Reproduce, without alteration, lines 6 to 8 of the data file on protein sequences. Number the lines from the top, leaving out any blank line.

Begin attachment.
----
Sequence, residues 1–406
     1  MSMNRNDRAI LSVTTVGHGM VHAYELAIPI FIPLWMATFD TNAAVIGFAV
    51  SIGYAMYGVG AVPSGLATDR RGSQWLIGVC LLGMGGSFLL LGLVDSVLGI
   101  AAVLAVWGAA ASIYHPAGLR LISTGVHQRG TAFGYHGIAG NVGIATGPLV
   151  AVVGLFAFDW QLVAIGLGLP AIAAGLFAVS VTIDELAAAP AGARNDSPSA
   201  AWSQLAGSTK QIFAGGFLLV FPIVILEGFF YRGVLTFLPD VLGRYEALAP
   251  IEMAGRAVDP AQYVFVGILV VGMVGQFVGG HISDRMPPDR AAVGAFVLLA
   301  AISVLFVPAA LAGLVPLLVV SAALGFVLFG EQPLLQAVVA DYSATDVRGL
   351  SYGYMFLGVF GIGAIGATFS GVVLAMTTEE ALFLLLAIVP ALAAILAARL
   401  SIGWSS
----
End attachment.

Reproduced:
   201  AWSQLAGSTK QIFAGGFLLV FPIVILEGFF YRGVLTFLPD VLGRYEALAP
   251  IEMAGRAVDP AQYVFVGILV VGMVGQFVGG HISDRMPPDR AAVGAFVLLA
   301  AISVLFVPAA LAGLVPLLVV SAALGFVLFG EQPLLQAVVA DYSATDVRGL